Walking out of the Pabst Theater Saturday night, I overheard a college-aged concertgoer (who, as it would seem, had a rather meticulous concert ranking system) describe the Blind Pilot show we just saw to his friend. Going into the night, he thought this one could possibly fit nicely into the second slot of his all-time favorite concerts. But instead, it took the cake. “Genuinely fantastic,” he would continue to his friend. And I don’t think he was the only one that had to do some favorite concert shuffling after that performance. Blind Pilot enchanted the crowd with nearly an hour and 45 minute set of their beautifully fashioned indie folk pop, frequently reigning fans into all out sing-alongs.
Before Saturday night, I really only knew of Blind Pilot through a few listens of each of their albums and knowing they were coming fresh off a Friday appearance at Chicago’s Lollapalooza. However, it only took a few songs into the set before I realized I was lucky to be amongst the devout fans in the pit. “Keep it Right” off the band’s recent release We are the Tide, got the sing-along interaction started early.
The six-piece Portland band is heavily acoustic based. Frontman Israel Nebeker switched between three guitars -two of them acoustic, opting for the electric on only a few songs. Luke Ydstie enthusiastically plucked behind an upright bass. Ian Krist was on vibraphones, and Kati Claborn split time on a few instruments including banjo and a ukulele. Ryan Dobrowski held down the drums, and Dave Jorgensen jockeyed between a harmonium and keyboard, but made the largest splash on trumpet. Early in the show, Nebeker shared that Jorgensen was a Milwaukee native, and from there the crowd cheered every time his trumpet joined a song, including pinnacle parts in “Two Towns from Me” and “Half Moon.”
Seeing the band live, it’s hard to believe Blind Pilot started out as just the duo with Nebeker on vocals and guitar and Dobrowski on drums. The band in its six member form has such a strong stage presence I couldn’t imagine Blind Pilot as anything but. All the different instruments come together so harmoniously. “The Colored Night,” “I Buried a Bone,” and “The Story I Heard” all continued to please the crowd, which was rather diverse for an indie show, including everyone from teenage girls to college guys to middle-aged couples. The band led an especially inspired take on 3 Rounds and a Sound gem, “One Red Thread” on which Nebeker would break a guitar string.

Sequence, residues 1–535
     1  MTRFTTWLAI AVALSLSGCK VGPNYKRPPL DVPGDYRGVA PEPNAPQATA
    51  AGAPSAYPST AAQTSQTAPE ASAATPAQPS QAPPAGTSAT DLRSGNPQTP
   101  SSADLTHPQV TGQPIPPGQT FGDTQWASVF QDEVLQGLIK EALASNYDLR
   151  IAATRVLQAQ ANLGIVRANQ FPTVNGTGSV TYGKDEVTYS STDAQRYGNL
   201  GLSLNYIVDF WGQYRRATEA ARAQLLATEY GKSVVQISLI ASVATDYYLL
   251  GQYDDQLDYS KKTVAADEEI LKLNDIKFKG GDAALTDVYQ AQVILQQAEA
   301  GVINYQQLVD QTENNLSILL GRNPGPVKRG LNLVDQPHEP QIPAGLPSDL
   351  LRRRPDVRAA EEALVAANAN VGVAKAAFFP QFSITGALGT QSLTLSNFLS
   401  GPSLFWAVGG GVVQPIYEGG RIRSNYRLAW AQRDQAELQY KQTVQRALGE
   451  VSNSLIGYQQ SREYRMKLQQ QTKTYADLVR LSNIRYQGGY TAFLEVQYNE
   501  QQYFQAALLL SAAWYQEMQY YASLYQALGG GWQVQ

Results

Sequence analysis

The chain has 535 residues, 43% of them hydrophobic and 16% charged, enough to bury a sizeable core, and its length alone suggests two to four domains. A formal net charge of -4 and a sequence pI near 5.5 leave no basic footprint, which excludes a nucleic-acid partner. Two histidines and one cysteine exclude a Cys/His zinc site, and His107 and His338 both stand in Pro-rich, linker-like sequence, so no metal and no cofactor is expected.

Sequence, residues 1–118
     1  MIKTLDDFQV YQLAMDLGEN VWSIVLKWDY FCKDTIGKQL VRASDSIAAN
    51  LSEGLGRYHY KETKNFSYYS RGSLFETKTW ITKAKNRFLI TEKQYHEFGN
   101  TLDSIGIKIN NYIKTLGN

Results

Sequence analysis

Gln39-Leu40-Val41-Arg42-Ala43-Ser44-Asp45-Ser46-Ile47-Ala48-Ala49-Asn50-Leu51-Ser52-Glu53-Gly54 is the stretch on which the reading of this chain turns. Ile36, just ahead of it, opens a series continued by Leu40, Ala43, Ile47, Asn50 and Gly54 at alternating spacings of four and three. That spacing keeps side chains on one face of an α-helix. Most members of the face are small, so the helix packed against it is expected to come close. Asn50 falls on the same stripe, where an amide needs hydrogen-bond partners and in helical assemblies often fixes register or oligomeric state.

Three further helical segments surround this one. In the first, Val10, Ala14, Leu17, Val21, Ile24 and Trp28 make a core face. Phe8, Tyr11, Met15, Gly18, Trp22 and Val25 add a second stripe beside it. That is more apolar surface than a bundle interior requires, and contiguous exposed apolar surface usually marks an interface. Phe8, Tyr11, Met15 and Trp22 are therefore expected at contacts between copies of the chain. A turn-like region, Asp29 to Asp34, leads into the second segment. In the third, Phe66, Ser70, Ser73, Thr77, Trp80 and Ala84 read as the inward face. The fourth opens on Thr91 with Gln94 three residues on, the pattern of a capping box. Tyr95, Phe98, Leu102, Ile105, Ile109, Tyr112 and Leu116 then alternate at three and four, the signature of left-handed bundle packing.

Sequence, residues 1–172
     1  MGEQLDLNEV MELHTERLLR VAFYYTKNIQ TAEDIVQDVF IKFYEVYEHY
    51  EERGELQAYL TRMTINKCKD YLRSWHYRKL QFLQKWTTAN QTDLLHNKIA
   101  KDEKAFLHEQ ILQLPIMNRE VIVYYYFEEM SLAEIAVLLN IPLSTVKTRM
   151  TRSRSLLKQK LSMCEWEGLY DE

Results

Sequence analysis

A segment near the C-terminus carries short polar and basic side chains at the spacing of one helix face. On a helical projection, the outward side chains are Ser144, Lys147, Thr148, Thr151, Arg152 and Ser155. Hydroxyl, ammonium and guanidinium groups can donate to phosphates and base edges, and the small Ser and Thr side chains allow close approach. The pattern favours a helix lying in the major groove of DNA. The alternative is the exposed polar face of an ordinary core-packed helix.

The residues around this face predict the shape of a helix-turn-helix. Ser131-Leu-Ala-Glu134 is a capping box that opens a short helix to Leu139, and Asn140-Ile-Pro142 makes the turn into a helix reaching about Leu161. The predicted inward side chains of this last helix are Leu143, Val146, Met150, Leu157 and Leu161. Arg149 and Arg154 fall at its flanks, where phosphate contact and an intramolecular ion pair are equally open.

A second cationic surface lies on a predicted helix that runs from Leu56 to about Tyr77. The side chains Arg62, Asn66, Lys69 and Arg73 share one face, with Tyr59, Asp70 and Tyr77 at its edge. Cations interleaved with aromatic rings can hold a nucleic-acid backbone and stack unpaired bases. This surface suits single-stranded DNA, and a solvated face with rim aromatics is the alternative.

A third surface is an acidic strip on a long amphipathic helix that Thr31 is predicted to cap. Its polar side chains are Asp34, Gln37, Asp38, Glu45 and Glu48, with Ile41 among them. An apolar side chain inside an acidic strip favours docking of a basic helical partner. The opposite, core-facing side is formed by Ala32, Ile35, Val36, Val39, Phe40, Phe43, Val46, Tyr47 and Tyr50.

Things only got richer when Blind Pilot came back out for their encore. Before kicking into “The Bitter End” Nebeker discussed the inspiration for the song. It blossomed out of the people and reactions surrounding an urgent storm warning that occurred one day when he was working as a waiter at a restaurant in Portland. The background details really enhanced the song for me and with its catchy yearnings of “Come back daddy” and “Come back baby” what’s not to love about the track? From there Blind Pilot pulled off a wonderful cover of Rolling Stones’ “Moonlight Mile.” The show closed with the band opting to sing hit track “3 Rounds and a Sound” completely acoustic. Each member brought their instruments up to the very front of the stage and Nebeker lulled to the audience not through the speakers, but directly, without a mic. It worked because of the wonderful acoustics of the beautiful Pabst Theater. It was a wonderful closing, intimate moment to an all-out impressive show.
I can’t finish the night’s review without at least touching on the sole opening band for Blind Pilot, River City Extension. The band is billed as an eight-piece from New Jersey. Although I thought only I counted seven on stage, I could have missed one with all that was happening on it. It is hard to describe their sound, but maybe: a folk band with loud, energetic rock n’ roll tendencies. Oh, also throw in a lively violin and occasional maracas. Yes, maracas. A very exciting band.
They played some songs off of their recent release Don’t Let the Sound Go Down on Your Anger, including an early set standout “There & Back Again.” River City Extension frontman Joe Michelini explained during the set that he would have loved to have sold the record to concertgoers at the show tonight but they were sold out (a somewhat good problem to have, as Blind Pilot’s Nebeker would joke later in the night when thanking the band for touring with them). However, because of the lack of physical album copies, Michelini offered to everyone in attendance a free download of the album by simply signing an email address up at their merch table. Definitely one way of making new fans. After finishing their opening 45 minute set, River City Extension received an enthusiastic ovation, one rarely displayed for an opener. Keep an ear out for them, and if River City Extension is coming to a town near you, I highly recommend checking them out.